Three albums in, the Long Winters aren't worried about impressing anyone. Their latest, "Putting the Days to Bed," isn't flashy or self-conscious; instead, it's a substantive collection of back-to-bas
Producer: the Knife
Release Date: July 25
Yep, another brother and sister duo, this time from Sweden, but dealing in an entirely different genre than the Stripes and Furnaces families. The Knife is well established in Scandinavia, having already received two Swedish Grammy Awards, and blog buzz dating back a year helped fan the group's flames here in the U.S.
In pictures, the Knife is always covering its collective faces, usually with a creepy mask. The music fits the image to a degree; "Silent Shout" is synth-driven electronica that is dark in an '80s S&M club type of way. Even weirder is the childlike sound of Karin Dreijir's voice, which some might find reminiscent of Bjork, and others might just find grating.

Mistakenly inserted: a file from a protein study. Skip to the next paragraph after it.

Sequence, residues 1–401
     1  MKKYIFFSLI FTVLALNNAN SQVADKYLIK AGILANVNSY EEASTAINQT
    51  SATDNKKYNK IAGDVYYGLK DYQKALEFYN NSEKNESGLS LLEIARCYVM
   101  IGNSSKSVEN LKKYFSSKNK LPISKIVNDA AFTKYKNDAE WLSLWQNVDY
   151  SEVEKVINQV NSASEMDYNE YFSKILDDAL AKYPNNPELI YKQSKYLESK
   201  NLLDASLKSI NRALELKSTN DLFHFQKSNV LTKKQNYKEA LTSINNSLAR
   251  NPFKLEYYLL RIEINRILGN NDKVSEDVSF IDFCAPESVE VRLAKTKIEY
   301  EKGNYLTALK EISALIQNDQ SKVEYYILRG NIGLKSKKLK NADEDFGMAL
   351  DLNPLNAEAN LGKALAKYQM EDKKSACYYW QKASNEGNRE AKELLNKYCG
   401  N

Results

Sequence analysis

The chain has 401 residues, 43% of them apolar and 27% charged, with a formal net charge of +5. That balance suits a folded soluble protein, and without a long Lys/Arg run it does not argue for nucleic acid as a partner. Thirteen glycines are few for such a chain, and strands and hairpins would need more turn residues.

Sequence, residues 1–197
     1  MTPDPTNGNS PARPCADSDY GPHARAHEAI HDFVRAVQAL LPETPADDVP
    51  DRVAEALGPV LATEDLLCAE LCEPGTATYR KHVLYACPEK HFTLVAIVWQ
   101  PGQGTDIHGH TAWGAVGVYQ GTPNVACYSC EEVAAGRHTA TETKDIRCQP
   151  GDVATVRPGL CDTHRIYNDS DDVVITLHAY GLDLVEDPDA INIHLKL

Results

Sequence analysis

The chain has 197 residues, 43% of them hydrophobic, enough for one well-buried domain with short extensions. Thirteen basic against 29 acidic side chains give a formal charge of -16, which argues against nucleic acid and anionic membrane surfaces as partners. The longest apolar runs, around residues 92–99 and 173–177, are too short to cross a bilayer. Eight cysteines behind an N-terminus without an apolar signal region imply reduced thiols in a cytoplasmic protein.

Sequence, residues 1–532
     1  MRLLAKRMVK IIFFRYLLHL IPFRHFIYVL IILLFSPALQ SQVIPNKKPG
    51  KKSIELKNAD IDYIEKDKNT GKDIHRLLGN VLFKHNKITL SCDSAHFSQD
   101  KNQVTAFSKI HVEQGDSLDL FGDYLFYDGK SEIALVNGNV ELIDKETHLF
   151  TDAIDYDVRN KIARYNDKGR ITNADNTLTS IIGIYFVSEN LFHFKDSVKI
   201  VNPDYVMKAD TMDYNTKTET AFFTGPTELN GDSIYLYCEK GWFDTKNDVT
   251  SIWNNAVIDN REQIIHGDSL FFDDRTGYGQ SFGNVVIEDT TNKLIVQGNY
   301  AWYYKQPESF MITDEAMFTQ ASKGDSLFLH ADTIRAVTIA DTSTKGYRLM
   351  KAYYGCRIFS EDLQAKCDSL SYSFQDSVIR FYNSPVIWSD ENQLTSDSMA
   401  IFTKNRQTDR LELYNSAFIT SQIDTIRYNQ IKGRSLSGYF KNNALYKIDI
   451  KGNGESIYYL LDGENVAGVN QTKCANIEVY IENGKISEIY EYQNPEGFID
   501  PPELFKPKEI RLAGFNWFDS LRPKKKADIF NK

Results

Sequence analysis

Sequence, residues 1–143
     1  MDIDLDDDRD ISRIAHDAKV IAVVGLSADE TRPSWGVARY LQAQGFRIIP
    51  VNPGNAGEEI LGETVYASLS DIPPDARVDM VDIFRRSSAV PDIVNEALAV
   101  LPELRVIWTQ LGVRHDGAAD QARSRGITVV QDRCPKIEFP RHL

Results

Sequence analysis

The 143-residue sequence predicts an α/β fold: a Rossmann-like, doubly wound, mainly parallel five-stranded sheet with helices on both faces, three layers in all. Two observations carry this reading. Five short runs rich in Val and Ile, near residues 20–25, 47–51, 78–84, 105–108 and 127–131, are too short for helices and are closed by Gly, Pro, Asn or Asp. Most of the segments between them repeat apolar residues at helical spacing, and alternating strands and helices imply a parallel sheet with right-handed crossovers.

Still, "Silent Shout" excels with pulsating electro-rhythms, even though they don't include drums, bass or even a drum and bass sound. It's not something you necessarily listen to for the lyrics, aside from "Marble House," a curious ode to prostitution.
We'll have to wait to see whether or not the Knife has more mainstream capabilities -- this album's gothic undertones would suggest not. But the duo's ear for beats could prove otherwise down the road. -- Michael D. Ayers